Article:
Summary: how to be a worthy participant in the Lord’s Supper
Part Four of Sermon Series - Reception of Communion
August 26, 2001
Just recently President Bush visited Kansas City. Afterwards, they interviewed some people from Kansas City to talk about their meeting with the President. Of course, you had the interview with the disgruntled protestors outside of where he was. They had no desire to meet him. But then, they interviewed some young children, asking them, “what was it like to meet the President.” The kids sounded genuinely excited about such an opportunity.
It’s always kind of neat to meet someone of fame or importance. There’s a sense of excitement in the air - your heart beats quickly - and you become nervous. You don’t want to say the wrong thing and you also want to look your best. We’re not talking about meeting someone famous in the Lord’s Supper. We’re talking about meeting God! In 1 Corinthians 11 Paul said that you could take the Lord’s Supper in an unworthy manner. Paul was saying that there is a way that you can approach him unworthily, and actually sin against his body and blood. What does this tell us - in order to receive the Lord’s Supper we need to be prepared for it. How? That’s what we’re going to look at today.
What it Takes to Partake of the Lord’s Supper
The only way you can usually get to meet someone famous is to pay an amount of money to get an autograph, or a LARGE amount of money to eat with them or talk with them. How much does it cost to approach our Lord and meet with him at His Supper? What do we have to do to be able to receive him? Throughout this sermon series we’ve been pointing back to the Old Testament - trying to learn from examples in the past. If we’re talking about approaching a holy God - we need to look back at examples of this in God’s Word. Take for instance our reading from the Old Testament for today in Leviticus 23.
“The tenth day of this seventh month is the Day of Atonement. Hold a sacred assembly and deny yourselves, and present an offering made to the LORD by fire. 28 Do no work on that day, because it is the Day of Atonement, when atonement is made for you before the LORD your God. 29 . . . 30 I will destroy from among his people anyone who does any work on that day. 31 You shall do no work at all. This is to be a lasting ordinance for the generations to come, wherever you live. 32 It is a sabbath of rest for you, and you must deny yourselves.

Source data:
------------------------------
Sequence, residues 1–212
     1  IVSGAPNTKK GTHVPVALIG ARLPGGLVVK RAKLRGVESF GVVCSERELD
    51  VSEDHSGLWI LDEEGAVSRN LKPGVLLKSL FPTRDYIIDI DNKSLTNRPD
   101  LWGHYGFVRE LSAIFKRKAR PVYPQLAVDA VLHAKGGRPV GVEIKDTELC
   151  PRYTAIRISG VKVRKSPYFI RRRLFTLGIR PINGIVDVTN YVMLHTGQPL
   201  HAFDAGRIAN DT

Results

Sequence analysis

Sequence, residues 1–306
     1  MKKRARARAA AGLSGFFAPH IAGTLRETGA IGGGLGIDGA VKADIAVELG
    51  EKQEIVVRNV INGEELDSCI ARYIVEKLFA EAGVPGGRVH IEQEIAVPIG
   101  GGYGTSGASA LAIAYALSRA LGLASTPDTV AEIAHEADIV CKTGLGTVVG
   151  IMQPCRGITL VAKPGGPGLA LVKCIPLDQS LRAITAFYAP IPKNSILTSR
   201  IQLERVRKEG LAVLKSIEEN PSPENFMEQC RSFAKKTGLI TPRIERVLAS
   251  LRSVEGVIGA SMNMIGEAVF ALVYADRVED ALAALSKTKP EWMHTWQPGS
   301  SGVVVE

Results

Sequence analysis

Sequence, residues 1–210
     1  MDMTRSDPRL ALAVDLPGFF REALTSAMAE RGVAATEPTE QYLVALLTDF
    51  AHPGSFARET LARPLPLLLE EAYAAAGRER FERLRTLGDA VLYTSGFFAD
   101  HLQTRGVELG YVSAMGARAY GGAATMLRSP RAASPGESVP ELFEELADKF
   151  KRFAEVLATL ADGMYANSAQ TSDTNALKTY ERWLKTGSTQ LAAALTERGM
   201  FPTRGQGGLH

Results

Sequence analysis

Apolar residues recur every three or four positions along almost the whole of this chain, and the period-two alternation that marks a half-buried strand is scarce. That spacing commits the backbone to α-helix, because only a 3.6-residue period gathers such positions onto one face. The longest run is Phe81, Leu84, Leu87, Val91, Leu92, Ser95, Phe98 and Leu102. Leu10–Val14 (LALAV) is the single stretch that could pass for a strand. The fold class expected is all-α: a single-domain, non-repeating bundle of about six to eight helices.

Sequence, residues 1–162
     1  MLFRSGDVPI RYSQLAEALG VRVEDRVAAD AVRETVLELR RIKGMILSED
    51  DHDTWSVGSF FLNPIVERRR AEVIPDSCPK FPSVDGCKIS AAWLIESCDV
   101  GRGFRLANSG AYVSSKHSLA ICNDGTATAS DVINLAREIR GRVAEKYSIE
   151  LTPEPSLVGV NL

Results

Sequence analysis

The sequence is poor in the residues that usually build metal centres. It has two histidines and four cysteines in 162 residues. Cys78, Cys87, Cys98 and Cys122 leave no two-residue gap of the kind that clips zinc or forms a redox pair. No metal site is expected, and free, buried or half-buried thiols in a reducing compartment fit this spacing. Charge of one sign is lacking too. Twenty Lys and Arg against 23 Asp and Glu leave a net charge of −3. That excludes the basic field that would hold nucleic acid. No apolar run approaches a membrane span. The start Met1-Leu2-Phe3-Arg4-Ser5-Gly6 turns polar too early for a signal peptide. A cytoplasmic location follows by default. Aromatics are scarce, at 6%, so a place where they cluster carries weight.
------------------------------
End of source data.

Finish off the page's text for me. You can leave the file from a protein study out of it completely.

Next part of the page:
In order to approach the Lord with a sacrifice on the Day of Atonement -the people were to refrain from working and eating to concentrate on the importance of this day where their sins would be atoned for.
When God was going to show his presence to His people on the top of Mt. Sinai, He told Moses in Exodus 19, “Go to the people and consecrate them today and tomorrow. Have them wash their clothes and be ready by the third day, because on that day the LORD will come down on Mount Sinai in the sight of all the people.”
What does this show us? God wants us to show him respect when we come to him. When Paul had established the congregation in Corinth, one specific problem that they had was with the way they worshiped. Before they celebrated the Lord’s Supper, they had an agape meal where they would share the Scriptures and eat a meal, then have a collection for those who needed it. But what was happening? When you come together, it is not the Lord’s Supper you eat, 21 for as you eat, each of you goes ahead without waiting for anybody else. One remains hungry, another gets drunk. The rich were getting drunk, the poor were starving, and after this fiasco they were supposed to take the Lord’s Supper. It just wasn’t right - the way they were approaching the Lord. And what was happening as a result? Paul said, many among you are weak and sick, and a number of you have fallen asleep. God had to discipline them to bring them back to the faith with sicknesses and the like because they weren’t approaching him with a reverent spirit.
I can recall growing up in a much larger church - it was a huge brick building with a very elongated worship area. The altar, then, was a long ways to get to - up several sets of stairs. It always appeared to me to be the place where God lived, almost like the Holy of Holies in the Old Testament. I remember coming to church during the week - when I was in high school - nobody was around. Tentatively I walked up in the altar area. Slowly I moved my feet upon the green marble stone floor, slid my hand along the rail, and just stood there. I had never been beyond the communion rail before! It was almost a sense of awe - I was standing only where the pastor stood. Maybe it wouldn’t be all bad for us to think of taking the Lord’s Supper in that way, would it - to treat it like holy ground to be approached! That way, when you approach the altar to receive the Lord’s Supper, you would naturally feel that something special was happening. You are approaching a holy God!